Even at the very festival, which is the commemoration of it, men will be found any where rather than at Bethlehem. They will be attracted to every thing, rather than to that sight, which the Shepherds left their flocks, and made haste to see, which the Eastern sages came such a vast distance to behold, and which drew all heaven down to earth. Let us call off our

attention from the little, debasing, vexing, defiling things of the world, and repair to the Infant of Bethlehem, the desire of all nations. Let us give him the glory which is due unto his Holy Name; and say, "Unto us a child is born, unto us a Son is given, and the government shall be upon his shoulder; and his name shall be called Wonderful, Counsellor, the Mighty God, the Everlasting Father, the Prince of Peace." Let us behold in him provision made for our recovery, the most suitable to our wants, and adequate to our relief, and placed entirely within our reach. Let us embrace him, and exclaim, "Lo! this is our God; we have waited for him, and he will save us: this is the Lord; we have waited for him ; we will be glad and rejoice in his salvation." REV. W. JAY.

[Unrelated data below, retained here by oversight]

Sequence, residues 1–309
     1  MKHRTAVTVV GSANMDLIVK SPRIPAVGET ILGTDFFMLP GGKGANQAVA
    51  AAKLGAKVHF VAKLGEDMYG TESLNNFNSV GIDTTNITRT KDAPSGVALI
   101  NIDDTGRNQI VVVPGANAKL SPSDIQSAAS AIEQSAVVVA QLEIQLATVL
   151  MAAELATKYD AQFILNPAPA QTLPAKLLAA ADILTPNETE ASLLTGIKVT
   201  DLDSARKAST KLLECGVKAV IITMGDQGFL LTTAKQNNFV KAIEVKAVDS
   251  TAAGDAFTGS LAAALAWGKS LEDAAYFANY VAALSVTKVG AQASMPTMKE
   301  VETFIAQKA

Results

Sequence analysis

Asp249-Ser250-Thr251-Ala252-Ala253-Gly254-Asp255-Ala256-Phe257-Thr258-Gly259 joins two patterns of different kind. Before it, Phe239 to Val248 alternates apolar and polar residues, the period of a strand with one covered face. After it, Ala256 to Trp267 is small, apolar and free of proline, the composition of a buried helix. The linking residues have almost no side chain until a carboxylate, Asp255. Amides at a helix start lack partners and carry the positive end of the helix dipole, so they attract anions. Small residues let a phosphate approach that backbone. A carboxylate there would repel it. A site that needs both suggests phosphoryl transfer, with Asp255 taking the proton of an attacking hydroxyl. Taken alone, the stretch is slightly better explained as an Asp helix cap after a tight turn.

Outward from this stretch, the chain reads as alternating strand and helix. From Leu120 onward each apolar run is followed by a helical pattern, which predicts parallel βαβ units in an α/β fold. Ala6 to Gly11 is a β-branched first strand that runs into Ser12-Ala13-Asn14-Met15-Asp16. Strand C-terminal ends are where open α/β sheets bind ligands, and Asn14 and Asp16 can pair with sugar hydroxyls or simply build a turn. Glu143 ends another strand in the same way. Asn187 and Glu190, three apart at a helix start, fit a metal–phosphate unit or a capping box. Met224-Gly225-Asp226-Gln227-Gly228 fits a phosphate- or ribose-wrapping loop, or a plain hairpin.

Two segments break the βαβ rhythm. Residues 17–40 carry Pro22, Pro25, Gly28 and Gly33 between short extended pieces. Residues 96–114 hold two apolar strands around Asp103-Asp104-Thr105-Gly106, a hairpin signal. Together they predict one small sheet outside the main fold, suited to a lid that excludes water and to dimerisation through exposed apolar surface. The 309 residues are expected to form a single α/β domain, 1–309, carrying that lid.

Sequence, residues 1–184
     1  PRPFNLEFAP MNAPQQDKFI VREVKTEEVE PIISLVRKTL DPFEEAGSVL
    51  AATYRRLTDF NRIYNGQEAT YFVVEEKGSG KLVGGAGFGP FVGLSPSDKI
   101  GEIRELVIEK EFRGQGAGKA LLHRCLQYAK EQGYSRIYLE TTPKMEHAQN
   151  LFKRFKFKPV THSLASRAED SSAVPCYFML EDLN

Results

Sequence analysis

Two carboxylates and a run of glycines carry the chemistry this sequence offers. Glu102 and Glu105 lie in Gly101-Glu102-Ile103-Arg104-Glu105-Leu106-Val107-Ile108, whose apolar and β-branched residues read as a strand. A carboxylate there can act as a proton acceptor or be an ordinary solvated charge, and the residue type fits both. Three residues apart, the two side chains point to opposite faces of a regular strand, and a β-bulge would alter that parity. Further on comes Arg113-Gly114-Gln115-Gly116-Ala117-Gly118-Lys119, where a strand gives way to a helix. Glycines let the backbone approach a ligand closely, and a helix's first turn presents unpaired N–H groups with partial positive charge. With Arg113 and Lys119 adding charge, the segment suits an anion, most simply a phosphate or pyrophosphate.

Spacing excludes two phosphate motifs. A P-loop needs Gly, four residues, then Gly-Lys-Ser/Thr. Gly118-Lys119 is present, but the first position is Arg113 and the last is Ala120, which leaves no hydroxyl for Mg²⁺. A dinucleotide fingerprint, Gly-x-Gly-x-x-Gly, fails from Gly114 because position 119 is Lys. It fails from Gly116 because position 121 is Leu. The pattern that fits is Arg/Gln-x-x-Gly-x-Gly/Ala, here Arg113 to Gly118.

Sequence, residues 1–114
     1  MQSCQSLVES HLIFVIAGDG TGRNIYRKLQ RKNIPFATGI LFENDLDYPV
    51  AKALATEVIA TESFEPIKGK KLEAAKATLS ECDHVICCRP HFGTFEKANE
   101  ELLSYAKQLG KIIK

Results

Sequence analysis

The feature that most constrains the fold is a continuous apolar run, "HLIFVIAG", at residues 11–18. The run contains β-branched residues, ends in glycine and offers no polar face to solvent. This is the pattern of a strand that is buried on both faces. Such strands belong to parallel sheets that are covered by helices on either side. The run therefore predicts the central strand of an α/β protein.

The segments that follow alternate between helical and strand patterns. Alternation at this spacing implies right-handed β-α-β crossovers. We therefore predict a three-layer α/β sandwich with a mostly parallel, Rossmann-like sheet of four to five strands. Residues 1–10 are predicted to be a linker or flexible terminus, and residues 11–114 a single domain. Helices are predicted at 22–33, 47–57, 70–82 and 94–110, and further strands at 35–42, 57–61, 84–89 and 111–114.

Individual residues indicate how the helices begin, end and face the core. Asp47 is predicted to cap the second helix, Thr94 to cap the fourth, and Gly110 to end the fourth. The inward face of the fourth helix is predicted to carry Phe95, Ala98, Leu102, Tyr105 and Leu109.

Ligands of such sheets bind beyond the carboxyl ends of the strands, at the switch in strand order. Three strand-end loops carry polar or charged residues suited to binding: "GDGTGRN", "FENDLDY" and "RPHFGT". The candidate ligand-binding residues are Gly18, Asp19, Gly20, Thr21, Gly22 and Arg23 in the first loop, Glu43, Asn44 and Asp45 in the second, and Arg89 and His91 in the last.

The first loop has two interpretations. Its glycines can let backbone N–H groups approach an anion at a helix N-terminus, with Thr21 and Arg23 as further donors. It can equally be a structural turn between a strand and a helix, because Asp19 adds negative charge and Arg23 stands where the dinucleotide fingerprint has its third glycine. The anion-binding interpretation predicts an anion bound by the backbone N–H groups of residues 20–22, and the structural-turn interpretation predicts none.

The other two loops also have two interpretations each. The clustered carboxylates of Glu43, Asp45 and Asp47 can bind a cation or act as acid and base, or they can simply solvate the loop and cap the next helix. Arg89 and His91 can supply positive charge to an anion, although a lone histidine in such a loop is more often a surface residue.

There was a prophecy of Balaam famous in all the Eastern country, and recorded by Moses, "There shall come a star out of Jacob, and a sceptre shall arise out of Israel: out of Jacob shall come he that shall have dominion." Which although in its first sense it signified David, who was the conqueror of the Moabites; yet, in its more mysterious and chiefly intended sense, it related to the Son of David. And in expectation of the event of this prophecy, the Arabians, the sons of Abraham by Keturah, whose portion, given by their patriarch, was gold, frankincense, and myrrh, who were great lovers of astronomy, did with diligence expect the revelation of a mighty prince in Judea, at such a time when a miraculous and extraordinary star should appear: and therefore, "when Jesus was born in Bethlehem of Judea, in the days of Herod the King, there came wise men," inspired by God, taught by art, and persuaded by prophecy, " from the East to Jerusalem, saying, where is he that is born King of the Jews? for we have seen his star in the East, and are come to worship him.”

God, who is the universal Father of all men, at the nativity of the Messiah, gave notice of it to all the world, as they were represented by the grand division of Jews and Gentiles: to the Jewish shepherds by an angel; to the Eastern Magi by a star.